Mastering the One Skill You Need for Business Growth

More than 2,000 years ago Aristotle outlined a formula on how to master the art of rhetoric — the first known “crash course” on storytelling as persuasion. Storytelling, of course, has always been a part of human nature — but unlike in Aristotle’s day, today’s version has to come in bite-sized pieces and in a way that resonates with customers, prospects, shareholders, and talent. That’s no simple thing, but it’s worth it to figure out the right formula. Here are four steps entrepreneurs can use to tell and sell their business stories for accelerated growth.

1. Define your story and make it your mission

The ability to persuade — to change hearts and minds — is perhaps the single greatest skill that gives entrepreneurs a competitive edge today. But persuasive storytelling is not just about selling more products; it’s about furthering your brand, connecting with people, and sharing the why behind your business.

Consumers today know what they stand for and make their purchasing decisions accordingly; they seek out brands that operate with the values they find attractive. Think about TOMS, the first mainstream example of a B2C company using the one-for-one model of charitable giving. TOMS came to market with a great product, no doubt, but it’s the story of donating one pair of shoes for every pair purchased that catapulted the small company to exciting new heights.

That model’s success has inspired a new generation of entrepreneurs that build their brands around charitable stories — companies like Cuddle + Kind, WeWood, Project 7, and even Meghan Markle’s new fashion line. Sure, the products may be fantastic, but the story is what breaks through the noise and brings consumers to an even bigger message — one that’s greater than shoes, clothing, or candy.

Your story doesn’t have to be a charitable one. Look at Yeti’s story of rugged living, Nordstrom’s legendary customer service, or Trader Joe’s team-oriented culture. Now think about your own company: What do you want to be known for?

2. Tell your story in a way that matters

The why behind storytelling is clear — it’s the how that’s difficult. How do you communicate your company’s values in a way that not only makes sense to your customers, but that also compels them to engage with your brand?

It starts at the top. Your story must originate at the pinnacle of the company and permeate down. Build an authentic story so employees know the overall purpose of the company: why they do what they do, and how their role fits into the company’s mission. To attract great talent and create an engaged workforce, you have to give employees a reason to be there or a personal connection to the “job” they do every day. That means putting your brand message in words everyone can rally behind.

Once you’ve built an internal storyline, take your message to the streets — share your story with customers, partners, and vendors. Incorporate it into your website and shout it from your digital mountain tops. That raison d’être now organically becomes the heartbeat of your brand.

3. Show (don’t tell) your story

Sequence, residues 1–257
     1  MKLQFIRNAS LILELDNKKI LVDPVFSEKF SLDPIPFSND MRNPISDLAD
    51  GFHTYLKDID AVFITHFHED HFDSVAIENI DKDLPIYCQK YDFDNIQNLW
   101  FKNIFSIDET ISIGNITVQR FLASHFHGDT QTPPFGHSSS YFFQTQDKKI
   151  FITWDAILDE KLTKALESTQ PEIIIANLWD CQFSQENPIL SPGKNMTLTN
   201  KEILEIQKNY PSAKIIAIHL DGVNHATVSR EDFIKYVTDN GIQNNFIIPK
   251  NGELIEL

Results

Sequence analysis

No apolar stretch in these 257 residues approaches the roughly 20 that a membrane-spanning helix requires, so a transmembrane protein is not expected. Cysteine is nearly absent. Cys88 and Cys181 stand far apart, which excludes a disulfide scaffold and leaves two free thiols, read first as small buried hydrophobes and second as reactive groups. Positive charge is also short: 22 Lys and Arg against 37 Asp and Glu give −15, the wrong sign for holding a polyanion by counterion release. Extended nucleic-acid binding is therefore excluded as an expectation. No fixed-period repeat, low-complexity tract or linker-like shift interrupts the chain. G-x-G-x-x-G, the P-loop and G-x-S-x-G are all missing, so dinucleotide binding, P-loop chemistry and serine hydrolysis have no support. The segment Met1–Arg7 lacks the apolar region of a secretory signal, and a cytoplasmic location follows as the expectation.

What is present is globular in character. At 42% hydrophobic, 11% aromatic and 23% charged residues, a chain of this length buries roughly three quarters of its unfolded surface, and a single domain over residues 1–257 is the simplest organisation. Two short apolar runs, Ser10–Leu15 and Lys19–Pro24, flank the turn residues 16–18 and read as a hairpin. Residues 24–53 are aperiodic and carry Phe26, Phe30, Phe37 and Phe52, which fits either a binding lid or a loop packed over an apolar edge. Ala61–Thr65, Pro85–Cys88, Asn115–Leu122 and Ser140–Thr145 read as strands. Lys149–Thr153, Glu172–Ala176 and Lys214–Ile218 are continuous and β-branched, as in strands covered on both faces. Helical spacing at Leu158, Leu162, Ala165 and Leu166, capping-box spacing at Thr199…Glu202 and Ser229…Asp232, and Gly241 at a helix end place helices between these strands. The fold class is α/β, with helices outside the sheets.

Storytelling is an opportunity to let the world know what you’re about — but in the end, it’s just a story. Increasingly, the principles a company stands for factor into consumer decisions, and this is where actions speak louder than words. Values can make or break customer relationships. You can’t just “storytell” your values; you have to live them.

The people of Southwest Airlines are so immersed in their culture of compassion, they chose LOVE as their ticker symbol. The Honest Company holds itself accountable by putting its core value right up front in its name. Sock company Bombas has a collaborative and purposeful “worker bee” culture which reminds customers and employees alike to “bee better.”

Research from the 2019 SMB Trends report shows 90% of SMB leaders value trust above all else in their relationship with customers — yet 54% of customers don’t believe companies have their best interests in mind. I can’t be the only one that sees that as an opportunity.

4. Use technology to build and convey your story

Are you listening to what customers are saying about you? The advances in Customer Relationship Management (CRM) software — especially with the addition of artificial intelligence (AI), machine learning, and voice-of-the-customer tools — give businesses today a tremendous advantage.

Now any business can analyze calls, rate customer sentiment, look for patterns in data, and understand what resonates. Automation features can help you personalize the stories used in your marketing, sales, and service materials. And these tools are no longer reserved for large enterprises with deep pockets. Even the smallest of businesses can easily start with CRM to reimagine the way they engage with and support customers.

Be sure your technology can help you build a compelling and authentic brand story to cultivate customer relationships. As a small or midsize business (SMB), having customers advocate on your behalf because of the experience you deliver is priceless: SMBs can win against larger players if customers advocate for them.

Tell and sell your business story

Storytelling is more than the sales and marketing tactic du jour. It’s a historically proven strategy to connect with customers and grow your business. Aristotle himself believed persuasion can be learned — and that a person’s ability to speak well and use rhetorical devices to change perspectives could unleash tremendous potential. Prove him right — Go forth and inspire.

Global Growth & Innovation Evangelist, Salesforce | Sales and Transformation Adviser | Book: Growth IQ| Podcast: What's Next! | Former Research Fellow Gartner